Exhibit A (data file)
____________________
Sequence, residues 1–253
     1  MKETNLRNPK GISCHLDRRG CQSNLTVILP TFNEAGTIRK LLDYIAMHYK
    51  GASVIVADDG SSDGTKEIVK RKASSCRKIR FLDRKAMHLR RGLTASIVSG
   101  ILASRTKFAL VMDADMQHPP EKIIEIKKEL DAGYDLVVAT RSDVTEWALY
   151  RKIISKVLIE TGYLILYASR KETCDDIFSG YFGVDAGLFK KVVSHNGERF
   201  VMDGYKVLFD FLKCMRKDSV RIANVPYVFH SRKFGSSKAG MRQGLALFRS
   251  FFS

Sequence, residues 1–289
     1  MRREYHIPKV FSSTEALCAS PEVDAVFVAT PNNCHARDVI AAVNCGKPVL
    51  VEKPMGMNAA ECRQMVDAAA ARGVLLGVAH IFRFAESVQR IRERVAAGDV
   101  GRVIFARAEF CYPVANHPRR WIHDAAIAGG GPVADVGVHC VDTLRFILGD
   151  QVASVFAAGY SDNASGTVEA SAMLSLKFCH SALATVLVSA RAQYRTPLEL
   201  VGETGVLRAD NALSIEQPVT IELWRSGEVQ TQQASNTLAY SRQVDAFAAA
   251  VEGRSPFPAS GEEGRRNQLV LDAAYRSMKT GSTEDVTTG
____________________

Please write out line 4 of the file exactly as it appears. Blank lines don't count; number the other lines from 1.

   101  ILASRTKFAL VMDADMQHPP EKIIEIKKEL DAGYDLVVAT RSDVTEWALY